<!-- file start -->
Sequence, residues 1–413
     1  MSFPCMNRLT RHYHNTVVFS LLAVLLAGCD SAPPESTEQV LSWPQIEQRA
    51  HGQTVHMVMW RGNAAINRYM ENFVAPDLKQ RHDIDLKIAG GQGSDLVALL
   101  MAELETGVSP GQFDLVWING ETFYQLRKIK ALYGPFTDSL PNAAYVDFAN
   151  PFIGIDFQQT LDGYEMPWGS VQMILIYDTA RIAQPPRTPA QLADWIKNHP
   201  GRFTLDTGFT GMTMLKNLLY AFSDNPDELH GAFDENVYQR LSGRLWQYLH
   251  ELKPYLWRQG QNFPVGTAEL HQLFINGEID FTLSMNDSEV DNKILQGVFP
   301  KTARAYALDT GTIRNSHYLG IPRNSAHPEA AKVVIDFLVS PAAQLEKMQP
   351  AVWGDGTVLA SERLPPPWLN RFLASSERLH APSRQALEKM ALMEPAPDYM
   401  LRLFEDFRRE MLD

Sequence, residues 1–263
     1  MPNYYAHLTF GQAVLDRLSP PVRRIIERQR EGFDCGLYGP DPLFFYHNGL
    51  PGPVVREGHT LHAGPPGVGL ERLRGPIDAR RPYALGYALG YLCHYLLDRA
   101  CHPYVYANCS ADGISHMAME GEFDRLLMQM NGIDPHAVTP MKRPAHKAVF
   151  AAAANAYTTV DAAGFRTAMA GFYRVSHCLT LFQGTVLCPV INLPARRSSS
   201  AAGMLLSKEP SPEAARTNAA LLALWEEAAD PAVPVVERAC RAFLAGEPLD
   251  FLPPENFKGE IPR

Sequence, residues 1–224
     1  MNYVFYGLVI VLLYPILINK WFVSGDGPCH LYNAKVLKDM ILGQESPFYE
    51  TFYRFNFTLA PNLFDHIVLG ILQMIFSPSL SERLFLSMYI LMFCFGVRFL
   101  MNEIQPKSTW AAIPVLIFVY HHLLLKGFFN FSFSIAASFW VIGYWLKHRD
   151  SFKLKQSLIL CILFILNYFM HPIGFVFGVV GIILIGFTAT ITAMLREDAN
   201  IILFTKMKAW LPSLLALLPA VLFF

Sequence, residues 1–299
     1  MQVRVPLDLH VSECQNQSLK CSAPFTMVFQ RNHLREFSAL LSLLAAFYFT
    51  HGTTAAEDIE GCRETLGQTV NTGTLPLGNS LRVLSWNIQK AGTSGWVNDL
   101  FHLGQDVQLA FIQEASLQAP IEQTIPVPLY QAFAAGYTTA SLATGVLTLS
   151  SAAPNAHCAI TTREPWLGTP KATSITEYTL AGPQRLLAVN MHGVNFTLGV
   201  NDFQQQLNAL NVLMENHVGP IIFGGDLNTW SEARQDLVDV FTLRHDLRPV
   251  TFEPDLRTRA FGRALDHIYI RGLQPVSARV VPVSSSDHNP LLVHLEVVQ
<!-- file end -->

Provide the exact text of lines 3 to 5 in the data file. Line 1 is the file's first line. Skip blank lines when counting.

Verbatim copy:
    51  HGQTVHMVMW RGNAAINRYM ENFVAPDLKQ RHDIDLKIAG GQGSDLVALL
   101  MAELETGVSP GQFDLVWING ETFYQLRKIK ALYGPFTDSL PNAAYVDFAN
   151  PFIGIDFQQT LDGYEMPWGS VQMILIYDTA RIAQPPRTPA QLADWIKNHP